What does differentiated pricing look like in practice?
Yevhen Pentsak: Previously, a typical scheme of retail work looked like this. Stores purchased goods that they considered to be in demand by consumers. Retail also conveys to manufacturers wishes from consumers (what attributes of the product should be changed so that the willingness to pay for it becomes higher).
Retail also has marketing departments that deal with pricing, look at the direction of competitors and the market, research consumer behavior, and come up with innovations. They promote these innovations through their own marketing channels.
Manufacturers have always reasoned like this: the distributor will take his margin (say, 5-10%), and the retailer - his (for example, 20%). So, this product will appear on the consumer's shelf at such and such a price, if our selling price is like this.
However, consumers who visit stores have different purchasing power, roles, and needs. And not all of them are willing to pay the same price for the same product, as traditional pricing suggests.
Another problem of undifferentiated pricing is the presence of a large number (according to various estimates, from 20 to 120) of non-price factors that influence consumer behavior. Sometimes, it seems to company managers that there is an obvious connection: if I increase the number of parking spaces, sales will increase; if I supply a coffee machine, sales will increase. But in reality, this is not always the case: at some points, one action must be taken, and at others - another. But how do you know where and what to do when you manage not one small store near your home, but 100 or 500 stores?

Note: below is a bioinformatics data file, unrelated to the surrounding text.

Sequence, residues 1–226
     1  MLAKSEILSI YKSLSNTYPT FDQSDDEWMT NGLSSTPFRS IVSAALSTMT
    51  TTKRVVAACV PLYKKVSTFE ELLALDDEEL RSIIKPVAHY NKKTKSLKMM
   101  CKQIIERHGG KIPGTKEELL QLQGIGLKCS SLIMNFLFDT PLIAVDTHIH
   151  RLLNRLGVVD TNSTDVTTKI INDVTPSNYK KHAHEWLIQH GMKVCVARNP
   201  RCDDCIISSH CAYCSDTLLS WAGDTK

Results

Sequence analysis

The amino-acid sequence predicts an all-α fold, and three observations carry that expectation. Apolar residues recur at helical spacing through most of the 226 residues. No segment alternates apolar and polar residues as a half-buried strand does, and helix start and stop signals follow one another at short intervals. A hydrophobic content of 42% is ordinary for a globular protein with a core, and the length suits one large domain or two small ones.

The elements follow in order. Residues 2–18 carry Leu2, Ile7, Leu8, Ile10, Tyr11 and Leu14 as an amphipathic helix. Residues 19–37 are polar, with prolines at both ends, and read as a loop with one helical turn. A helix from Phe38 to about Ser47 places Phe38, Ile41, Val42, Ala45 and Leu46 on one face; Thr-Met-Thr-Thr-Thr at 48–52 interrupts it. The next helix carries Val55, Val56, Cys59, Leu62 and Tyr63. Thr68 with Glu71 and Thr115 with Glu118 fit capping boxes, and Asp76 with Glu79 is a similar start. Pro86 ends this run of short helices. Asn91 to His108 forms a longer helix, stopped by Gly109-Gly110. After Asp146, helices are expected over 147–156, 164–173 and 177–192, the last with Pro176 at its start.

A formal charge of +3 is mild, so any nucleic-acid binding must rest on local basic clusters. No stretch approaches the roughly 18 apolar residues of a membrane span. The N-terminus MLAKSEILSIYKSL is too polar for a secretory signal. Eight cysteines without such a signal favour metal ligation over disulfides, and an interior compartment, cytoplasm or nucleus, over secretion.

So, how do you understand it?
Yevhen Pentsak: This requires special analytical tools, more complex than the econometric analysis studied at the university. And for this, it is worth exploring business analytics - because it comes at different levels. For example, in the MBAF program, we study advanced tools, learn to develop a business model and simulate the behavior of all stakeholders, and understand modern analytical methods, which are based on understanding which software should be used and how to integrate different tools.
A skilled analyst should listen to the ideas of the company's leaders and understand which tool and software to use to evaluate the effect of its implementation. But this does not mean that he should only use ready-made tools. A good analyst should develop his own tool that will best "catch" the manager's idea and give it not only a qualitative and quantitative assessment.

What requests regarding analytics are currently the most relevant for the heads of Ukrainian companies?
Yevhen Pentsak: When a Ukrainian company enters international markets and seeks to attract investments, it often faces the fact that it is not understood there: neither its messages nor its financial and economic indicators. When our managers are asked what are the levers of influence for increasing capitalization, they answer that they never thought about it, because they reasoned in the short term: the more we sell, the better.